Broker says changes needed to curb speculation, increase occupancy rates, and raise taxes where appropriate
With home prices in Canada surging even as incomes plateau, the ensuing affordability crisis has led some in the industry to think that it’s high time policy makers step in to cool the market.
Among them is David Larock, an independent full-time mortgage broker. In a recent blog post, Larock outlined some recommendations that policy makers can undertake to address the affordability crisis.
Among Larock’s recommendations is a tax on buyers who “flip houses over short periods and rely on those profits for their primary source of income.”
“In such cases, it seems only fair that their regular incomes should be taxed the same as any other income,” said Larock.
He also advocated for a national non-resident and/or vacancy tax, saying that it “seems incongruous that properties should sit empty when the demand for housing is running so far ahead of supply.”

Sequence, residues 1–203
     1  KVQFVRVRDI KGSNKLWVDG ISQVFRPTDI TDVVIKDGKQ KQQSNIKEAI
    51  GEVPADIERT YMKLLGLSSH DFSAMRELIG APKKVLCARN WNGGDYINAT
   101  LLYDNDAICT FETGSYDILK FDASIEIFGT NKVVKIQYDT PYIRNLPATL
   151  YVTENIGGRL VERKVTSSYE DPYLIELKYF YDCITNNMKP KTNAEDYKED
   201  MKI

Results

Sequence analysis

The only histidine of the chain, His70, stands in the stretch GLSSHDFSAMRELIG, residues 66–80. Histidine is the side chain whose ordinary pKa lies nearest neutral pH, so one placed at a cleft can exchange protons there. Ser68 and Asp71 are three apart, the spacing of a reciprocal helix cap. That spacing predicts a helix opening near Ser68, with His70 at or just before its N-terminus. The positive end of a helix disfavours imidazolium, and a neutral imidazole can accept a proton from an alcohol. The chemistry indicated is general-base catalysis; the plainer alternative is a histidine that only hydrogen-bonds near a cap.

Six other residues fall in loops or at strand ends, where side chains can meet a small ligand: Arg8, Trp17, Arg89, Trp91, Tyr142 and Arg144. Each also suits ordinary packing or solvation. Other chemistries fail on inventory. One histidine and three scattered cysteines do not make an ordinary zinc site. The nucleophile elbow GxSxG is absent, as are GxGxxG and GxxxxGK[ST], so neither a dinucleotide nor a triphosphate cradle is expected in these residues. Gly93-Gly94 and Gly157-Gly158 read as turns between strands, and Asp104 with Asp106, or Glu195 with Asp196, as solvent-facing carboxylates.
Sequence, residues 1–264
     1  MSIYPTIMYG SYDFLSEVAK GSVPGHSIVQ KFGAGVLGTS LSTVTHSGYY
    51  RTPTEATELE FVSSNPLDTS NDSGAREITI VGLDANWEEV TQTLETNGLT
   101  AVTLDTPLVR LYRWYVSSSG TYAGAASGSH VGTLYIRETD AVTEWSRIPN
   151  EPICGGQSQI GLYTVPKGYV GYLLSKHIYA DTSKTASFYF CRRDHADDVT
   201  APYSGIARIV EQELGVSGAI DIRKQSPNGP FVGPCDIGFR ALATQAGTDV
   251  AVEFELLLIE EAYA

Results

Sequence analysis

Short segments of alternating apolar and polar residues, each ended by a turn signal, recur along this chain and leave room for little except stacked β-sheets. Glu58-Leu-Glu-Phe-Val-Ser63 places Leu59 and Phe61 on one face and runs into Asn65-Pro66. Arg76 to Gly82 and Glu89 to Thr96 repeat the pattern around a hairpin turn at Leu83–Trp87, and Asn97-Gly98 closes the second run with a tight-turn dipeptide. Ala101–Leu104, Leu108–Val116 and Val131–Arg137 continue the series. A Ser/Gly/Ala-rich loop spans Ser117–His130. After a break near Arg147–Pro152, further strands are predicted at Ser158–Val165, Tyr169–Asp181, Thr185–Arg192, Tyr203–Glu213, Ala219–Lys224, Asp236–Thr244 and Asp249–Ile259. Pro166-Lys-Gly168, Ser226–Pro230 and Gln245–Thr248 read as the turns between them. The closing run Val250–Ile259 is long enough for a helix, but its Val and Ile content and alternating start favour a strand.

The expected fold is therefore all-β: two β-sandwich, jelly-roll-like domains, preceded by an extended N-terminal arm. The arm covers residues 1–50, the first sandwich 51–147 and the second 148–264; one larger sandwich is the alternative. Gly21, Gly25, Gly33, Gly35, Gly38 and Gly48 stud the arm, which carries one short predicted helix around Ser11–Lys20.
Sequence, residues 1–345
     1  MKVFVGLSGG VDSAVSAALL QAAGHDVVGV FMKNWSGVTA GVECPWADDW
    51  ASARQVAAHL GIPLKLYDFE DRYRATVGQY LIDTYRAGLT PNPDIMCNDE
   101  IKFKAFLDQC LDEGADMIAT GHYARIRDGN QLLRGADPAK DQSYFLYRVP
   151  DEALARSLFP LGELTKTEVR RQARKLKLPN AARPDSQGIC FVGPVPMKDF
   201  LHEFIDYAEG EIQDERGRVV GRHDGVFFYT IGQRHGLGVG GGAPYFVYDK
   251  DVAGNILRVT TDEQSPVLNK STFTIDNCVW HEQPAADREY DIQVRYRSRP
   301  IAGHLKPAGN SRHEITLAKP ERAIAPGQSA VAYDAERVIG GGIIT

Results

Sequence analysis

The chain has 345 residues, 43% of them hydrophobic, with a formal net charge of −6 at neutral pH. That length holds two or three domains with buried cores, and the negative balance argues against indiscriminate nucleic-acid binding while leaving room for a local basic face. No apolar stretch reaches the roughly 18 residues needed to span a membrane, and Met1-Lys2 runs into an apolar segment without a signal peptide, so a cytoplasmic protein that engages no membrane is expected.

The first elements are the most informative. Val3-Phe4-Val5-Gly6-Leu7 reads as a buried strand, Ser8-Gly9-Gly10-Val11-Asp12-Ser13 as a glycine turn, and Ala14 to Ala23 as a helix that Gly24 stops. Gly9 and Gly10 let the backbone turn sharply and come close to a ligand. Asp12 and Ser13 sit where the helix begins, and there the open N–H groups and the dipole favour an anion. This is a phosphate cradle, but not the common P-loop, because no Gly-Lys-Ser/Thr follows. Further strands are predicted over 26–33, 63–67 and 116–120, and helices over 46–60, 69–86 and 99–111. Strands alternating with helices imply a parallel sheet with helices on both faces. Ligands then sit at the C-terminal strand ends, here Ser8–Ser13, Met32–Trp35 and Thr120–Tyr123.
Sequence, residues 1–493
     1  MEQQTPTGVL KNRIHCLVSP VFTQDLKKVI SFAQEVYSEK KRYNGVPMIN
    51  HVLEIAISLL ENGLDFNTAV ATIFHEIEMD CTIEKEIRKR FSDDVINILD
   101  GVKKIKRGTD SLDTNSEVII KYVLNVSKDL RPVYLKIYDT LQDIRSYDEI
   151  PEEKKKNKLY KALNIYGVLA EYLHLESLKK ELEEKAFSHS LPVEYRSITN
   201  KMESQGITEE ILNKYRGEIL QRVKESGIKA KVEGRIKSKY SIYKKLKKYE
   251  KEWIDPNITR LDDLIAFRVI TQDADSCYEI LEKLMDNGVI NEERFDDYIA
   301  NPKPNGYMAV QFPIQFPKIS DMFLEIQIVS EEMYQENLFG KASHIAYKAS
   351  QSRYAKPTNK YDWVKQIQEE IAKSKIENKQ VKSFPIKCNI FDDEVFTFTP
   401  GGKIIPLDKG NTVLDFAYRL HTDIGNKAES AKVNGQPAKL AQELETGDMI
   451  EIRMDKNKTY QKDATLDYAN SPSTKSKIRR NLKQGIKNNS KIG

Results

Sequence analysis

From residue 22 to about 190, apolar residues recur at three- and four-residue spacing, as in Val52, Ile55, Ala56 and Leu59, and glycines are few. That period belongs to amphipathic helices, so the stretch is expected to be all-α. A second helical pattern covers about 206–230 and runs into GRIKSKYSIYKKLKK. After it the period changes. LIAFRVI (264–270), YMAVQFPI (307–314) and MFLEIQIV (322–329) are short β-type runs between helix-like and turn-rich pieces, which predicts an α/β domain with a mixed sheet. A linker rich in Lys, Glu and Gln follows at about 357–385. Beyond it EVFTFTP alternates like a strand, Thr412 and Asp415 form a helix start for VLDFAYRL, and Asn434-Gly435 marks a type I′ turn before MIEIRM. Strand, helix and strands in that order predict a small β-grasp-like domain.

Additionally, Larock said that he agreed with those “who think we should do away with our blind-bidding process, which can often cause buyers to needlessly overpay for the most expensive asset most families will ever own.”
“I also see the logic in raising the down payment requirements for investors who are purchasing multiple investment properties, thereby reducing their incremental borrowing capacity,” he said.
“For now, here’s hoping that our macro-prudential policy makers come up with changes to help curb speculation, increase occupancy rates, reduce fraud, and raise taxes where appropriate,” said Larock. “They’ve still got time. But if they dither, or get it wrong, market forces will at some point find another way to address the imbalances.”